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Author Topic:   170 - Winterization Help
jmontani posted 11-03-2005 07:47 PM ET (US)   Profile for jmontani  
I am new to large ourboards and need some help on the winterization.

I am on Lake Texoma (1hr North of Dallas, TX), where we can use our boats all year. (We can get a 65 degree day in Jan more often than a 2 day freeze.)

I keep my Montauk on a hydro-hoist. The engine is always stored in the trim fully down position so the water can drain out of the engine. The hoist is large enough to keep the engine fully out of the water.

I was planning on keeping the fuel tank and 2-cycle oil topped off to keep condensation out. Is there anything else I should be looking to do on a 90hp 2 stroke saltwater engine?

On my engine for the sailboat, I use a heater/raw water side anti-freeze, but I am not sure what needs to be done on the Whaler. I went through the books and it looked like it was for a "Hard Winter" storage.

I want to do enough to protect the engine so I can sleep at night but would still like to use the boat on those 65 degree days.

Any help would be appreciated.



rbruce posted 11-03-2005 08:44 PM ET (US)     Profile for rbruce  Send Email to rbruce     
You should at least perform the annual L/U oil change and impeller change and run Mercury Fuel Stabilizer and Conditioner in the correct proportion of 1 oz per 6 gallons of fuel through the system to prevent water condensation from fouling your gasoline.
sosmerc posted 11-04-2005 12:56 AM ET (US)     Profile for sosmerc  Send Email to sosmerc     
I agree...use a good fuel stabilizer like Sta-Bil, or StarTron.
On the standard 2 stroke I would also recommend flushing the engine on a seperate fuel mix that is stabilized AND has a 50:1 oil mix in it...this, combined with your oil injection, will give you an extra measure of protection, yet you can still fire the engine up and go with your regular boat tank whenever you like. Change your gear oil at least annually along with your fuel filter. Lube your steering cable and hit all the engine zircs at least annually.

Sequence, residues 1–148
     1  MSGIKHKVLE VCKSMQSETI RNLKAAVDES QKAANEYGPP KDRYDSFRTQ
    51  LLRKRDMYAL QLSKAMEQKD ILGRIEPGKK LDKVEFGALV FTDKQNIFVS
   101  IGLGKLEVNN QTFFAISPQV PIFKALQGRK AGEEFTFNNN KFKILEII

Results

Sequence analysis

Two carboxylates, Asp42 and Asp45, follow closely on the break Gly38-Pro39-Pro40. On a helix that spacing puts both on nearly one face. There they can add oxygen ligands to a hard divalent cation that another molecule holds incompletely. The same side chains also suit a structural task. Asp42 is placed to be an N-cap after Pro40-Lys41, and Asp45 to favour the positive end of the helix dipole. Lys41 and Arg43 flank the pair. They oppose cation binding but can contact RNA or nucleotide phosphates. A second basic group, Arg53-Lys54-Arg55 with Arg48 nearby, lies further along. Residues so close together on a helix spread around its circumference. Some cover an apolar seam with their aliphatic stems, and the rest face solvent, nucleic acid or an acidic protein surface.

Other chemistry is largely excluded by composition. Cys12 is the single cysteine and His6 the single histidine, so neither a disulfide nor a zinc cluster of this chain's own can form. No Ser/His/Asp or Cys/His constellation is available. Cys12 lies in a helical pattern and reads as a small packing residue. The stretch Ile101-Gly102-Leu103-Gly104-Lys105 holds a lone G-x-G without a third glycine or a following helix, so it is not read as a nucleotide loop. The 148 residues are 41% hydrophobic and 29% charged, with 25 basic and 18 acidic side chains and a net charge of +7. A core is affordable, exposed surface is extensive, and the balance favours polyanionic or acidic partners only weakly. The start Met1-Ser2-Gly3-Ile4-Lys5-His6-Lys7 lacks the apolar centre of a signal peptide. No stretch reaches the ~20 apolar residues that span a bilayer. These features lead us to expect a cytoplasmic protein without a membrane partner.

rbruce posted 11-04-2005 07:56 AM ET (US)     Profile for rbruce  Send Email to rbruce     
Another thing, if the boat and motor are going to be left alone for more than three months I would perform the following:

1. Start the motor with the lower unit submerged,
2. Disconnect the fuel line to drain fuel from the carburettors,
3. Wait until the engine is about to quit this usually happens when it starts to race and spray fogging oil such as Mercury Storage Seal through one carburetor until the engine quits.
4. Wax the motor and lower unit
5. Replace the L/U oil once a year or less if the motor is used commercially.

I wouldn't throw foggin oil inside the combustion chamber (by removing the spark plugs) because the fogging oil coats the inside of the motor and the cylinders also.



jmontani posted 11-07-2005 10:05 AM ET (US)     Profile for jmontani    
Thanks for all the help.
Chuck Tribolet posted 11-07-2005 05:00 PM ET (US)     Profile for Chuck Tribolet  Send Email to Chuck Tribolet     
Why only fog through one carb?


rbruce posted 11-11-2005 11:39 PM ET (US)     Profile for rbruce  Send Email to rbruce     
Chuck: My mistake, through all the carburetors as each primary compression chamber is isolated by a worm gasket. Each has to be protected and winterized.
high sierra posted 11-12-2005 01:06 AM ET (US)     Profile for high sierra  Send Email to high sierra     
What's a worm gasket? high sierra

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